Throughout We See Things Differently, Sterling seeks to offer an alternate viewpoint and to challenge ingrained assumptions in the reader. A more in-depth look at the story reveals the many ways he accomplishes this.

Right off, Sterling takes us outside the scope of what we might normally associate with America. The first paragraph is a barrage of negativity aimed at America. Our narrator describes it as “The Great Satan…the home of Hollywood and blond sluts…of rocket-equipped F-15s that slashed across the land in godless pride.”

When he momentarily mistakes a coal plant for a mosque, the symbolism is not subtle: “A Mosque for the American Dynamo,” he thinks to himself. The first American character Sterling gives us is the cab driver. He is portrayed as ignorant and greedy, apparently fitting Mr. Qutb’s mold for all Americans. “The mention of money brightens them like a shot of drugs” (Sterling p763). It’s not a great stretch to see how someone could form this opinion about Americans, even in current times.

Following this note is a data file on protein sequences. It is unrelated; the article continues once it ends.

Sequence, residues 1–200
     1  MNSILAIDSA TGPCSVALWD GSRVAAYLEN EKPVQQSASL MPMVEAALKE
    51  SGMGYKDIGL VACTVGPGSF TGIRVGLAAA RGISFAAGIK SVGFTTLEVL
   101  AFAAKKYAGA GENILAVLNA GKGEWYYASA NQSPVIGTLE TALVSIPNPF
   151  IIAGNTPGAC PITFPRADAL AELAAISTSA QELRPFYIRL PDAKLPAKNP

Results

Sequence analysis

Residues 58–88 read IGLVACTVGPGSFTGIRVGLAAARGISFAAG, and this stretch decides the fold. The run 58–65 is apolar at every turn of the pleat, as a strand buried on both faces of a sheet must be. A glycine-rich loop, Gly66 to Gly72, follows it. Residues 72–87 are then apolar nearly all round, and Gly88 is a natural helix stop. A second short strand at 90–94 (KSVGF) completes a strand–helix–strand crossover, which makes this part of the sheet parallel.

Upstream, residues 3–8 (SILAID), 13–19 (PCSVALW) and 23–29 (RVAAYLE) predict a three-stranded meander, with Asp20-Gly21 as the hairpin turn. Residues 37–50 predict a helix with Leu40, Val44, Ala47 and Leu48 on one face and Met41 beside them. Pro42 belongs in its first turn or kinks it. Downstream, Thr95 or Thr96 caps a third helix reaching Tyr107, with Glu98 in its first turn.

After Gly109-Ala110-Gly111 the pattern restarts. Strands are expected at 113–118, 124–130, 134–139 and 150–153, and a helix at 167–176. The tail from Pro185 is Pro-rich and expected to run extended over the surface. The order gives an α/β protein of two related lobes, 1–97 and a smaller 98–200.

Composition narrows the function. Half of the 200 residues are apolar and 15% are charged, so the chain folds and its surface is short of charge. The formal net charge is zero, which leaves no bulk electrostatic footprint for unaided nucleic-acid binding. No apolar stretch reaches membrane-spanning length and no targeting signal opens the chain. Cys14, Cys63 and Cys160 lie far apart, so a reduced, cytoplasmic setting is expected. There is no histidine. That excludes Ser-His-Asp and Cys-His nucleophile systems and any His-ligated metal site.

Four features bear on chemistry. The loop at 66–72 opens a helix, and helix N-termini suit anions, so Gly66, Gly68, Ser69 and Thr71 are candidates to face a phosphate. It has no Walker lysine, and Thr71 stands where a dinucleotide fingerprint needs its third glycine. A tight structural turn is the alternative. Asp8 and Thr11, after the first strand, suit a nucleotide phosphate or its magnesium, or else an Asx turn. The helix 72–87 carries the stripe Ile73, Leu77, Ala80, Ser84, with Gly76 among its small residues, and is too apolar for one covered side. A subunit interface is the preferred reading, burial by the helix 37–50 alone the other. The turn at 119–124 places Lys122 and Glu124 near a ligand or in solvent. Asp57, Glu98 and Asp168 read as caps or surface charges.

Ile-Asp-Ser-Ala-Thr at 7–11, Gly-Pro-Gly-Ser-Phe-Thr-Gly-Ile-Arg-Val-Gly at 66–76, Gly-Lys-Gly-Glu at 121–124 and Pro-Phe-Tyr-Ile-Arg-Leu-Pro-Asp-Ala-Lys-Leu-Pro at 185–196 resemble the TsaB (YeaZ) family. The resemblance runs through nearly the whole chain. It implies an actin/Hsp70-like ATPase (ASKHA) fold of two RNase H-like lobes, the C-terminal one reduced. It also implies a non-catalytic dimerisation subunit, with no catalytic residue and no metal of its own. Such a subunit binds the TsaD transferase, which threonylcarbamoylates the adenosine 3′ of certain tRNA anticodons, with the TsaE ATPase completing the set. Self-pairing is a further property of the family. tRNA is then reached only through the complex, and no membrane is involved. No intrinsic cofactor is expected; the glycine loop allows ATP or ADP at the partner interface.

Sterling doesn’t waste time in challenging popular notions about Muslim culture. Many Americans, even those considering themselves to be progressive and tolerant, tend to hold a stereotypical view of the Muslim woman—oppressed and controlled, unlike the American woman who is liberated and self-reliant. But Qutb’s description of a woman he sees tugs at our sensibilities: “Like all American women, she was dressed in a way intended to provoke lust” (Sterling p763). Is he incorrect? Is this more or less morally deplorable than the way Muslim women are expected to present themselves?

While Qutb acknowledges that Tom Boston is “a great man” (Sterling p778), he does not hesitate to justify killing him for what he believes is the greater good.

Card and Sterling use their stories to beg questions about our presumed moral superiority.

Card and Sterling use their stories to beg questions about our presumed moral superiority.